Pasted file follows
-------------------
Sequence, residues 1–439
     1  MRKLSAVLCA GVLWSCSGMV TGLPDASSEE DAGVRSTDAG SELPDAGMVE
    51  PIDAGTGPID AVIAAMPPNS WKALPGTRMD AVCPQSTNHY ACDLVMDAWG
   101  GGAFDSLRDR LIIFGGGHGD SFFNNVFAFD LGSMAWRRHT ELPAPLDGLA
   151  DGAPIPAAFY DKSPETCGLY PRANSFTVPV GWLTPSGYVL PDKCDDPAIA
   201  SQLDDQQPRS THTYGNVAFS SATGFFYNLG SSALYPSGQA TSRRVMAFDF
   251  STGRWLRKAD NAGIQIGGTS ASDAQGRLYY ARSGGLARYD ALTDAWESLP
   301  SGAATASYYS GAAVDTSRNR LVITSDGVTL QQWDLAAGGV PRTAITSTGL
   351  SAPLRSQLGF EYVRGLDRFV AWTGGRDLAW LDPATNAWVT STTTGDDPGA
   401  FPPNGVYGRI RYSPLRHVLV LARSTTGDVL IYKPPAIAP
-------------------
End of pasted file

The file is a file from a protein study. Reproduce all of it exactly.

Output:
Sequence, residues 1–439
     1  MRKLSAVLCA GVLWSCSGMV TGLPDASSEE DAGVRSTDAG SELPDAGMVE
    51  PIDAGTGPID AVIAAMPPNS WKALPGTRMD AVCPQSTNHY ACDLVMDAWG
   101  GGAFDSLRDR LIIFGGGHGD SFFNNVFAFD LGSMAWRRHT ELPAPLDGLA
   151  DGAPIPAAFY DKSPETCGLY PRANSFTVPV GWLTPSGYVL PDKCDDPAIA
   201  SQLDDQQPRS THTYGNVAFS SATGFFYNLG SSALYPSGQA TSRRVMAFDF
   251  STGRWLRKAD NAGIQIGGTS ASDAQGRLYY ARSGGLARYD ALTDAWESLP
   301  SGAATASYYS GAAVDTSRNR LVITSDGVTL QQWDLAAGGV PRTAITSTGL
   351  SAPLRSQLGF EYVRGLDRFV AWTGGRDLAW LDPATNAWVT STTTGDDPGA
   401  FPPNGVYGRI RYSPLRHVLV LARSTTGDVL IYKPPAIAP